That hollow sound

Oilers goalie Jussi Markkanen watches the puck cross the line against the Wild during action at...

Oilers goalie Jussi Markkanen watches the puck cross the line against the Wild during action at Rexall Place in Edmonton on Thursday. (Sun Media/Jason Franson)

ROBERT TYCHKOWSKI -- Sun Media

, Last Updated: 10:13 AM ET

Mark Messier turned on the waterworks Tuesday night.

On Wednesday, Ryan Smyth was in full blubber.

Last night, it was everyone else's turn.

Read 'em and weep, Edmonton.

These are your post-Smyth Oilers, and from the looks of what we saw last night -- as sad-sack an evening as Rexall Place has witnessed in quite some time -- it's going to be a long, bumpy road from now until April 7.

NOTHING RIGHT

"There's nothing right with our game right now," head coach Craig MacTavish said after his listless, mistake-prone Oilers laid a 0-5 stink bomb against the Minnesota Wild.

"We have to find a way to be a lot better than that, and the starting point is just to eliminate the five-star, bonehead blunders.

"Then at least you're in a position to be competitive, rather than just the same sense of futility that we've had the last two nights."

It was painful to watch as, for the second time in as many games since Smyth left Edmonton in a flood of tears, the Oilers were shut out by an average team playing its second game in as many nights.

ELEVEN POINTS OUT

This loss, on the heels of the 3-0 defeat against Phoenix, leaves the Oilers 11 points out of the eighth and final playoff spot.

In other words, blow out that candle in your window, Edmonton, Stanley isn't coming home this summer, either.

"It seems like they could never get started," said Wild coach Jacques Lemaire, whose club sewed up its playoff spot with the easy win.

"And we got some breaks."

The biggest one came Tuesday, when Smyth and the GM Kevin Lowe agreed to disagree.

It looks, quite plainly, that the Oilers still haven't recovered, and are in a bad place mentally.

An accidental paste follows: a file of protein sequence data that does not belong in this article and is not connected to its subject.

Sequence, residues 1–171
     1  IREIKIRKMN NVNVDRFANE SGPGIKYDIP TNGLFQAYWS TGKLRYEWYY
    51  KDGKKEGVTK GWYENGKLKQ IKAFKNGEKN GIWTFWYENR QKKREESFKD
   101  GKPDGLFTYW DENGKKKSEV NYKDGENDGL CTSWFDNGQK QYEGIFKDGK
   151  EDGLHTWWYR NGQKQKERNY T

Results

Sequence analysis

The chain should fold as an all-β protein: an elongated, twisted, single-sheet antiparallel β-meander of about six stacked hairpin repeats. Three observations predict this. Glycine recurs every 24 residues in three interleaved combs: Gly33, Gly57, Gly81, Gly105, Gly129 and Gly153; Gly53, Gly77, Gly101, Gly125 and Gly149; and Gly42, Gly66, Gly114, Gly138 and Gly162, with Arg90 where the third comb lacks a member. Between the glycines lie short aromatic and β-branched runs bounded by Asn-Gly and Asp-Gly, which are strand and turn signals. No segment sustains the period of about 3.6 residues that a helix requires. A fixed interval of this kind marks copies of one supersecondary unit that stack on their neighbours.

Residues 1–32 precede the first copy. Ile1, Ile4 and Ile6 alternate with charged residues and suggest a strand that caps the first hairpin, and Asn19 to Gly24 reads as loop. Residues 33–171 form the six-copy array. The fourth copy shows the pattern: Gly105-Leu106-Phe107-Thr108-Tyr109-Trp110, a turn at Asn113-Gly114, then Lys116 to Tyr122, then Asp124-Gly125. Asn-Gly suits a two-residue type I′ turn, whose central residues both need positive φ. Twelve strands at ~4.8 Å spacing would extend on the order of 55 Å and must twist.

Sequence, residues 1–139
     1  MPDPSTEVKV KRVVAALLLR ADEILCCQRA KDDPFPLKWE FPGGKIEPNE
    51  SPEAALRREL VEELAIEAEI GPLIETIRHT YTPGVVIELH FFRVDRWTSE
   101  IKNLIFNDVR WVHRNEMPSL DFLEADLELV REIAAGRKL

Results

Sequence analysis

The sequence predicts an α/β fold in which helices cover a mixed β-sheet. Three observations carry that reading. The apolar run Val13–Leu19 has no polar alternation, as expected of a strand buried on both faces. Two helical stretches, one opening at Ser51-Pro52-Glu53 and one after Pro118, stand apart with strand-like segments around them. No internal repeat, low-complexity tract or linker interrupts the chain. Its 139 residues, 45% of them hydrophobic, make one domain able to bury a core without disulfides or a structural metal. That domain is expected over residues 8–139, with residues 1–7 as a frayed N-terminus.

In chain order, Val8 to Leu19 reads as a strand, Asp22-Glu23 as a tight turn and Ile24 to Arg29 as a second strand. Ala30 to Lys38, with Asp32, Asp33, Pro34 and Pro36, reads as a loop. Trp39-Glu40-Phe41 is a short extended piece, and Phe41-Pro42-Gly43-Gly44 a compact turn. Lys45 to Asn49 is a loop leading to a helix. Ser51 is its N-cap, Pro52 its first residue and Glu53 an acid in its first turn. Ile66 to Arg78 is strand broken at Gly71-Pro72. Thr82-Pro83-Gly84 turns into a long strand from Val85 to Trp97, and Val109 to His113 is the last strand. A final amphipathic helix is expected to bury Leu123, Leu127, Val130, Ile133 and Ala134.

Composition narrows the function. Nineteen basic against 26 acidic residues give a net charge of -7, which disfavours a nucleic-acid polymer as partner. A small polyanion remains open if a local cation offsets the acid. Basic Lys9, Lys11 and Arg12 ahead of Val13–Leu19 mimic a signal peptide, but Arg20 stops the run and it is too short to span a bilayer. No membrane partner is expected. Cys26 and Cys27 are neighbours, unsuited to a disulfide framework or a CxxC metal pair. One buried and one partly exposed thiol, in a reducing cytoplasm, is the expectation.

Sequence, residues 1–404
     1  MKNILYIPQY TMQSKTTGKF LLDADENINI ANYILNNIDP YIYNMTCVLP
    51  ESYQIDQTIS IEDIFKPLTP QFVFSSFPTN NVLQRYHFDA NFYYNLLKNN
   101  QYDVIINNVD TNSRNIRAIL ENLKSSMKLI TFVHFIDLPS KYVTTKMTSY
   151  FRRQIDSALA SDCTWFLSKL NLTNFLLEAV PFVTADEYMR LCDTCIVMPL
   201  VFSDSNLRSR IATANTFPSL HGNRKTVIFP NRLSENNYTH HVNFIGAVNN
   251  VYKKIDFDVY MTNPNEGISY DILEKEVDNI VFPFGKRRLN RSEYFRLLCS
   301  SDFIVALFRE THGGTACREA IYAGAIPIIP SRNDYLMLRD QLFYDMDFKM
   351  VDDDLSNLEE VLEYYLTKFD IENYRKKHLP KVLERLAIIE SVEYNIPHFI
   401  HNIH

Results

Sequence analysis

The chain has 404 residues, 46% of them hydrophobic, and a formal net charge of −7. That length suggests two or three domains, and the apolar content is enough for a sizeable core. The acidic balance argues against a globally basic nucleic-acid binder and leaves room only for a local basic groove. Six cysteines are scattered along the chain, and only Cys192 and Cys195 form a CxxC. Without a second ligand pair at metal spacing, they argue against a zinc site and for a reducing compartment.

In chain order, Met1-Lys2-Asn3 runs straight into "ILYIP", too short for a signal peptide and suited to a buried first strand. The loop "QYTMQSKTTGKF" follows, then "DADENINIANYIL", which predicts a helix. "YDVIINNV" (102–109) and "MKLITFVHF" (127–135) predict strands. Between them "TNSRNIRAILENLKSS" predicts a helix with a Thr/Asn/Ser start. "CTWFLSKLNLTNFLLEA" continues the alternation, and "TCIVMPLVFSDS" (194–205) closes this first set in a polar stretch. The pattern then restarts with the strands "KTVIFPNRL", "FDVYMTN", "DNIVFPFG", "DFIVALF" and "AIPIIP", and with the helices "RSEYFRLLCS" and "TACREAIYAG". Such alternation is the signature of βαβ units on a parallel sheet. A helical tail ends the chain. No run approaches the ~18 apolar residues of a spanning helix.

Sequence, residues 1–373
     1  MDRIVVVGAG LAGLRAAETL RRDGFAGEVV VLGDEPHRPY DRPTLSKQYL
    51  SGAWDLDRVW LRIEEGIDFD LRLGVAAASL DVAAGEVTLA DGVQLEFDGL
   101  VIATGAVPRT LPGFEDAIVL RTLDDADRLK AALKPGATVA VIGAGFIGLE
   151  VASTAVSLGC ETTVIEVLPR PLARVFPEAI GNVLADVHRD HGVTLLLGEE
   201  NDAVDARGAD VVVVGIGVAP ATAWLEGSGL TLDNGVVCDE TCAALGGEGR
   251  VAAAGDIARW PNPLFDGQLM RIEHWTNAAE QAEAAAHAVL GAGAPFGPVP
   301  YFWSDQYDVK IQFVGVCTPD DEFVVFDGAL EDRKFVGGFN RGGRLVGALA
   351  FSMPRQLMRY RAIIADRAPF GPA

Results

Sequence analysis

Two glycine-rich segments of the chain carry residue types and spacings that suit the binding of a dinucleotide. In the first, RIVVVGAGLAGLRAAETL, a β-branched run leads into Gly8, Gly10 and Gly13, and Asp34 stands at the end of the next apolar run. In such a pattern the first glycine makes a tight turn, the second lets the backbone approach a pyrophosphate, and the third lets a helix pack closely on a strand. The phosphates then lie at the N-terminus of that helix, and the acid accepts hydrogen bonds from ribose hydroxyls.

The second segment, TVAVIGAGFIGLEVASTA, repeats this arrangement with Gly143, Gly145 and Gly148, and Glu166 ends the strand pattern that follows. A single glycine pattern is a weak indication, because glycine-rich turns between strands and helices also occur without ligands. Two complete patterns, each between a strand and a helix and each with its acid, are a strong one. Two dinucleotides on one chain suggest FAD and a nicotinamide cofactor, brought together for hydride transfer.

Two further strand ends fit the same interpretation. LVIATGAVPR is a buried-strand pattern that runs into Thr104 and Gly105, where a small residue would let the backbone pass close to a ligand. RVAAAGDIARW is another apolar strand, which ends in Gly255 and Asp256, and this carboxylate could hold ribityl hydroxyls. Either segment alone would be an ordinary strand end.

MacTavish doesn't think they've quit, though.

"I don't yet, but it's frustrating for everybody, the situation we're in and the way that we lost tonight," he remarked.

"Moreso than giving up, it's going to be tough to battle through it mentally, but we have to do it."

Last night was over before it started. Unfortunately, they had to play the whole 60 minutes.

Minnesota took a 2-0 lead in the first period, the second goal coming on a two-man advantage when Steve Staios and Raffi Torres threw gloved punches at Derek Boogaard after his punishing hit on Marty Reasoner.

Boogaard has been having his way with the Oilers all season.

And Reasoner's shoulder injury marked the third time in as many games that he's sent an Oiler to the infirmary (Ales Hemsky and Ladislav Smid were the previous victims).

"A huge moment in the game, the second goal five-on-three," said Lemaire, who can see that the 6-foot-7 enforcer is getting in Edmonton's head.

"They're focusing on him. They know he's going to try and finish his checks. That's why he's there. If you do not move the puck, he's coming."

LATE HITS ... MacTavish bristled when asked about putting a handful of rookies out on his power play.

"The guys that we've had out there haven't been getting it done," he said, adding he'd be nuts not to change up a unit that's ranked 26th in the NHL.

"Isn't that the definition of insanity, doing the same thing over and over and expecting the results to change?

"I'm not guilty of being insane, am I?

"Yet?"


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